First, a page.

Syn-emplacement fracturing in the sandfell laccolith, eastern iceland—implications for rhyolite intrusion growth and volcanic hazards
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Felsic magma commonly pools within shallow mushroom-shaped magmatic intrusions, so-called laccoliths or cryptodomes, which can cause both explosive eruptions and collapse of the volcanic edifice. Deformation during laccolith emplacement is primarily considered to occur in the host rock. However, shallowly emplaced laccoliths (cryptodomes) show extensive internal deformation. While deformation of magma in volcanic conduits is an important process for regulating eruptive behavior, the effects of magma deformation on intrusion emplacement remain largely unexplored. In this study, we investigate the emplacement of the 0.57km3 rhyolitic Sandfell laccolith, Iceland, which formed at a depth of 500m in a single intrusive event. By combining field measurements, 3D modeling, anisotropy of magnetic susceptibility (AMS), microstructural analysis, and FEM modeling we examine deformation in the magma to constrain its influence on intrusion emplacement. Concentric flow bands and S-C fabrics reveal contact-parallel magma flow during the initial stages of laccolith inflation. The magma flow fabric is overprinted by strain-localization bands (SLBs) and more than one third of the volume of the Sandfell laccolith displays concentric intensely fractured layers. A dominantly oblate magmatic fabric in the fractured areas and conjugate geometry of SLBs, and fractures in the fracture layers demonstrate that the magma was deformed by intrusive stresses. This implies that a large volume of magma became viscously stalled and was unable to flow during intrusion. Fine-grained groundmass and vesicle-poor rock adjacent to the fracture layers point to that the interaction between the SLBs and the flow bands at sub-solidus state caused the brittle-failure and triggered decompression degassing and crystallization, which led to rapid viscosity increase in the magma. The extent of syn-emplacement fracturing in the Sandfell laccolith further shows that strain-induced degassing limited the amount of eruptible magma by essentially solidifying the rim of the magma body. Our observations indicate that syn-emplacement changes in rheology, and the associated fracturing of intruding magma not only occur in volcanic conduits, but also play a major role in the emplacement of viscous magma intrusions in the upper kilometer of the crust.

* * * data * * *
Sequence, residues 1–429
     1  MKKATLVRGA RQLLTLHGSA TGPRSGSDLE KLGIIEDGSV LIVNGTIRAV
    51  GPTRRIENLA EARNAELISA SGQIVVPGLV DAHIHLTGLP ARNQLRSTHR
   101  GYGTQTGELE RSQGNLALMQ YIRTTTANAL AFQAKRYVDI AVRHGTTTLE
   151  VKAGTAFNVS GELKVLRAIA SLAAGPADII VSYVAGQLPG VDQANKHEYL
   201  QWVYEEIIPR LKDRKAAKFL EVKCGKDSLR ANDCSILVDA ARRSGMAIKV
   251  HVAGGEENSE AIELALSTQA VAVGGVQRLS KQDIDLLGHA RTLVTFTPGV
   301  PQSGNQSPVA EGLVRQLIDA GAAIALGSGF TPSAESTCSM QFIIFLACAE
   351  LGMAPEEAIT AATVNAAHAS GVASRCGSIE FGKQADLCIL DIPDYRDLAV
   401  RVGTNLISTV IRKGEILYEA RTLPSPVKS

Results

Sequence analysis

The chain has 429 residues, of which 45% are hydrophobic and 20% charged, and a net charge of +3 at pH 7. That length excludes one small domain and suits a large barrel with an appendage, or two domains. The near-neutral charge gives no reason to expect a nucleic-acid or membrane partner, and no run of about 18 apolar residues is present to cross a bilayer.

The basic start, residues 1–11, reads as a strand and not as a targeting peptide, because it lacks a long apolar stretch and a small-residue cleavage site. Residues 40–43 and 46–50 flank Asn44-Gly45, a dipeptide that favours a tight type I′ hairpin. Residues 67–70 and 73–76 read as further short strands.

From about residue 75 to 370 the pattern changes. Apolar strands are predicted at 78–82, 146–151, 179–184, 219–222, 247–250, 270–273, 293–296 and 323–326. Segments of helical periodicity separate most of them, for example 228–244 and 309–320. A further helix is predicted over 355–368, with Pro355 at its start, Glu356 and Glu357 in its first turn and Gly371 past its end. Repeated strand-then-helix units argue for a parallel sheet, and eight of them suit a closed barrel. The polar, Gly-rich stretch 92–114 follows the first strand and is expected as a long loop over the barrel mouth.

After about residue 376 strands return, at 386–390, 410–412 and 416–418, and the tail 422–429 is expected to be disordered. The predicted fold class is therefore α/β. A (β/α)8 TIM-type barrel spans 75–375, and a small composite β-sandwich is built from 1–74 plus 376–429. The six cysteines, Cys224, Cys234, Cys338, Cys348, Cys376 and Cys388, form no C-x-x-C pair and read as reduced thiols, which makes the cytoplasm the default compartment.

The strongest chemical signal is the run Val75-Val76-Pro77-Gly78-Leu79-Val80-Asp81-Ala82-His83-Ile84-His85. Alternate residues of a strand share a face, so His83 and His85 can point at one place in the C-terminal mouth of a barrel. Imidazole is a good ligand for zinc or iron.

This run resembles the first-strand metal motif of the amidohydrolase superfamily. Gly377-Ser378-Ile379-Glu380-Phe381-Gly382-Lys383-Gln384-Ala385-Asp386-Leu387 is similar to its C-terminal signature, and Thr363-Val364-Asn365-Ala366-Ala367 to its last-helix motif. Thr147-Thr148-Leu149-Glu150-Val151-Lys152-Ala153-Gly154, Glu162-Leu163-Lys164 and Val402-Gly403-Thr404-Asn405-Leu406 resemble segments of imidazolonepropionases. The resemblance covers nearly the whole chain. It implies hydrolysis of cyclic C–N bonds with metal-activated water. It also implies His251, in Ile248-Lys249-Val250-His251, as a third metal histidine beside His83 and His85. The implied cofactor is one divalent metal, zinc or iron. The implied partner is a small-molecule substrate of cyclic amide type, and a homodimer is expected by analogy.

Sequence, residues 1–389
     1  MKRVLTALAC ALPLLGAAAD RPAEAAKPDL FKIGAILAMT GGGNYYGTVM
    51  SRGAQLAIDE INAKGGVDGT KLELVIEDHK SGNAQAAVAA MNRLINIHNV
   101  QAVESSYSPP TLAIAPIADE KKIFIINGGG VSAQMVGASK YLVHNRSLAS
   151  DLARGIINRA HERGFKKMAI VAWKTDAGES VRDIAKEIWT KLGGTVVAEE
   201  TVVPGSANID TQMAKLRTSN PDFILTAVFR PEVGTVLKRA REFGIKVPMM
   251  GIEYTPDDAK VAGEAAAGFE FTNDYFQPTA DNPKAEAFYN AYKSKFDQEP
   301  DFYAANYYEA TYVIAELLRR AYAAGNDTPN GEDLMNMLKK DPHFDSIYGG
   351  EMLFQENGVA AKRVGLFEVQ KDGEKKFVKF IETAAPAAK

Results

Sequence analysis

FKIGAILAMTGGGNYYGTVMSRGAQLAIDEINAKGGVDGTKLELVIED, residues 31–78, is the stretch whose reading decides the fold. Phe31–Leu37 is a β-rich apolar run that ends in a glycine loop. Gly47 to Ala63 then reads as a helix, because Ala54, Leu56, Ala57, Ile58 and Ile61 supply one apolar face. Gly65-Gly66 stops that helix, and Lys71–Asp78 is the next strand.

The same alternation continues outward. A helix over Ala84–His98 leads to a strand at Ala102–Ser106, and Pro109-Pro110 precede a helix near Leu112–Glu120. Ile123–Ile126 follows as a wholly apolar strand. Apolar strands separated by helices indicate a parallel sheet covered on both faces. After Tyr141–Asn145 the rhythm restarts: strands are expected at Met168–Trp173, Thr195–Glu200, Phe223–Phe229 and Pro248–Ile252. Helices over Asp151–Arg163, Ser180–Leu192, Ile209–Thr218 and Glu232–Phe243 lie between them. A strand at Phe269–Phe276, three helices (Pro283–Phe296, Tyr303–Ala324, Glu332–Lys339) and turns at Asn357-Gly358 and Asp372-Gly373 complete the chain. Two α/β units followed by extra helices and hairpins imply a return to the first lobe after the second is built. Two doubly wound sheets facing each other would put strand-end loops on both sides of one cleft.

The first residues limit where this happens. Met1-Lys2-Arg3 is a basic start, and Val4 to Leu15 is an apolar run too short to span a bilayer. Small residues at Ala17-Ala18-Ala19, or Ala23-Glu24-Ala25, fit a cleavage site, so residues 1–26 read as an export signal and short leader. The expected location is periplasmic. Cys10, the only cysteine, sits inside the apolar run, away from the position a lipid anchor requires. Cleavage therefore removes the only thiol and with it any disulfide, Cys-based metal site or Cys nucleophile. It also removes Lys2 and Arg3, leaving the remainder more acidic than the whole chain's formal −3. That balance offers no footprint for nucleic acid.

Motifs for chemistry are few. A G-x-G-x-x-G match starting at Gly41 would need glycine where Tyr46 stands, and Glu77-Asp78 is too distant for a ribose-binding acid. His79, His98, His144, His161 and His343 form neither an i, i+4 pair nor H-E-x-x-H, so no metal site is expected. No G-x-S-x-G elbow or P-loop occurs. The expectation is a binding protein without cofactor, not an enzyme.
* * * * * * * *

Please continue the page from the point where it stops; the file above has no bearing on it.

Mattsson , T , Burchardt , S , Almqvist , B S G & Ronchin , E 2018 , ' Syn-emplacement fracturing in the sandfell laccolith, eastern iceland—implications for rhyolite intrusion growth and volcanic hazards ' , Frontiers in Earth Science , vol. 6 , 5 . https://doi.org/10.3389/feart.2018.00005
Frontiers in Earth Science
DescriptionField work was funded by Uddeholms travel stipend (Värmlands nation, Uppsala, Sweden), Otterborgs travel stipend and the Swedish Royal Academy of Science (KVA). The research was funded by the Swedish Research Council (VR) grant 2015-03931_VR. ER is funded by the Center of Natural Hazards and Disaster Science (CNDS).
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